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Kids’ Sharing Behaviors More Complex Than Previously Thought
July 2, 2019

iStock photo by EvgeniiAnd

Research has shown that children have an innate tendency to share with others early in life. Do children share less as they get older, or do they just share differently?

Recent results published in Frontiers in Psychology point to evidence of increased cognitive complexity as children grow up that can be used to either help or discriminate against others, depending on how those capacities are channeled.

Sharing is one of the most important expressions of prosocial behavior and is linked to emotional well-being. Researchers wanted to know how this behavior varies across childhood and in what circumstances children give more or less.

Research at the Center compared the responses of 46 preschoolers and 52 fifth graders on two social decision-making tests. The first test focused on how a child’s age affects his or her sharing behavior and whether sharing and prosocial behavior could be different based on the child’s perception of the person with whom they were sharing.

Each child was presented with images of four other children – two of whom he or she knew and had identified, one a good friend and the other someone who was known but the child didn’t like to play with. The other two were unfamiliar to the participating children, representing another child who appeared to be ill (a needy other) and another who was a stranger. Children in the study were given 10 stickers and told they could keep as many as they wanted for themselves and give as many as they wanted to kids in these different groups on separate trials.

Researchers found that the preschool-aged children shared more uniformly with all groups - including kids they didn’t like. Older children gave fewer stickers to kids they didn’t like, yet they gave more than half of their stickers to a sick child – even more stickers than they gave to kids that they liked.

Lisa Flook

“It’s easy to wish well-being to those you care about, but extending that wish to those you don’t know well, or even those you find difficult, can be more challenging,” says Center collaborator and lead author Lisa Flook. “We find that older children are more selective in their sharing, which means they give more in some cases, but less in others.”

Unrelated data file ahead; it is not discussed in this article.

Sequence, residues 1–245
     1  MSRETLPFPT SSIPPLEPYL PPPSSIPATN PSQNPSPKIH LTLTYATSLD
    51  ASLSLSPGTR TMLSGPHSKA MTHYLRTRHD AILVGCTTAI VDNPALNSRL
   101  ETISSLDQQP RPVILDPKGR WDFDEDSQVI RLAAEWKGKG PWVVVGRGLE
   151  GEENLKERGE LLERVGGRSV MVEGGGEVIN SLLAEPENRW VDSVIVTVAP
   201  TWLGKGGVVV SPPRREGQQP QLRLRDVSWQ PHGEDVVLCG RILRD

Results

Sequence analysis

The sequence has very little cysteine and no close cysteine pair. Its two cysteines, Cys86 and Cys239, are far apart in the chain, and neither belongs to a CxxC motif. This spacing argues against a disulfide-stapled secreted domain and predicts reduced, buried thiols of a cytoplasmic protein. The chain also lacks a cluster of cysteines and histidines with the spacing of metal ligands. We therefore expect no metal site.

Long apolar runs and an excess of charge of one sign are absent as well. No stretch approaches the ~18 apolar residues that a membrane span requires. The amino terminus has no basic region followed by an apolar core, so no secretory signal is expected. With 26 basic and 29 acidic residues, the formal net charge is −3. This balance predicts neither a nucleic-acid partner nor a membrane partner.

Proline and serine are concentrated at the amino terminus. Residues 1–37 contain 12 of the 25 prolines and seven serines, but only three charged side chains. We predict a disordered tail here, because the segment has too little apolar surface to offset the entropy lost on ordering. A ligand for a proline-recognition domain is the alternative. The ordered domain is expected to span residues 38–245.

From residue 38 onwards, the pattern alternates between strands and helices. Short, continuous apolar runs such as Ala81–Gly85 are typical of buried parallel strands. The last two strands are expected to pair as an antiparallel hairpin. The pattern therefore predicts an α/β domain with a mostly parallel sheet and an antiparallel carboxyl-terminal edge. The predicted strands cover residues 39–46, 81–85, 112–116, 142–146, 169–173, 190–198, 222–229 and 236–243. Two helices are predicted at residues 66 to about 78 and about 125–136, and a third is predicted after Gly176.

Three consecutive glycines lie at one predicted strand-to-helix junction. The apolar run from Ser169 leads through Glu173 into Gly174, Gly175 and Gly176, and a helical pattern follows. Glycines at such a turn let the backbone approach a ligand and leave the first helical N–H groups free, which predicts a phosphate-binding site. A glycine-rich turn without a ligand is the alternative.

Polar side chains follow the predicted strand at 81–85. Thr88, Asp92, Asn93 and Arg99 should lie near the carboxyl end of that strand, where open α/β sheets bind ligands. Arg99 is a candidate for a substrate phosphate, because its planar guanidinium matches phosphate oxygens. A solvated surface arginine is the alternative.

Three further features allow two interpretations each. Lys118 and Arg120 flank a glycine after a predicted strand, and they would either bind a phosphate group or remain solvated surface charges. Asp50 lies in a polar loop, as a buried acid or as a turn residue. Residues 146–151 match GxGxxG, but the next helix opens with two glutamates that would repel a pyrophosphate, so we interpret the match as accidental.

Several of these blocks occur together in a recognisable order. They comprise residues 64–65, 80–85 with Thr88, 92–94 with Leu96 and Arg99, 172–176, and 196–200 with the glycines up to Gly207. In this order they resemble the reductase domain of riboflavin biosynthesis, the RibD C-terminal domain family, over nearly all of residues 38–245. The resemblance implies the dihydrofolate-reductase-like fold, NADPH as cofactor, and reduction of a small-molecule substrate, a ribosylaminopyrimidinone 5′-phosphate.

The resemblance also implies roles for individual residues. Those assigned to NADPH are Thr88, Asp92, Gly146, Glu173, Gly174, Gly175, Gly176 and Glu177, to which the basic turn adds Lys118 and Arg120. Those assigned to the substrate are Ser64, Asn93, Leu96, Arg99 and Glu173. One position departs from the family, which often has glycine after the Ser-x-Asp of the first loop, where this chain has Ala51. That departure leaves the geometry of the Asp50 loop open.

The study also noted gender differences in sharing. Boys were less likely to share than girls, by at least a sticker across the board. The tendency for girls to give more has been also seen in other research and may stem from the way societal norms place an emphasis on generosity and care-taking for girls. Yet if done to the extreme, giving and caring for others can place girls at risk for emotional problems, notes co-author Carolyn Zahn-Waxler.

In addition, researchers looked at common biases people form when they have minimal information about others. People across cultures, including children, show preference for those who experience a minor lucky event compared to a minor unlucky event. An example of this would be seeing a person finding a five-dollar bill on the sidewalk and assuming they are nicer than someone who lost a five-dollar bill out of their pocket. When someone associates circumstances with a person’s character, that bias can form the basis for developing prejudices.

In this study, children were given a small, boxed gift that they could present to another child. In one test, kids were shown a scenario where one child put money into a vending machine and received two candy bars, while another child put money in the same machine but their candy bar got stuck. The children were then asked which child they thought was nicer, and asked them which child they wanted to give their gift to.

Younger children gave gifts more often to the nice, lucky kid. However, when older kids completed this task, they were more likely to give a gift to the unlucky child even if they said they thought that the lucky kid was nicer. As one possible explanation, researchers suggest that as a child’s brain develops, that child is able to make more complex decisions about how to treat others based on minimal information, and can look past initial judgements.

“Both of these sharing scenarios suggest that as we grow and deepen our cognitive development, we develop both the capacity to be more prosocial and also discriminatory. We are able to differentiate more among people and their social statuses, which can lead to more helpful yet also more harmful behavior,” says Flook. “If we can help to shape those inclinations around giving and how we perceive people, and ultimately whether we can show kindness towards people we don’t know or don’t like, this could have ramifications at a broader level. If kids are encouraged to be more prosocial, the future implications on society as a whole as these kids become adults could be significant.”

“If we can help to shape those inclinations around giving and how we perceive people, and ultimately whether we can show kindness towards people we don’t know or don’t like, this could have ramifications at a broader level. If kids are encouraged to be more prosocial, the future implications on society as a whole as these kids become adults could be significant.”

Lisa Flook

Future research could aim to uncover the underlying reasons why children make the choices they do in terms of sharing with different groups of people, and how to promote caring and prosocial behavior through classroom-based interventions throughout a child’s development.

- Sara Ifert

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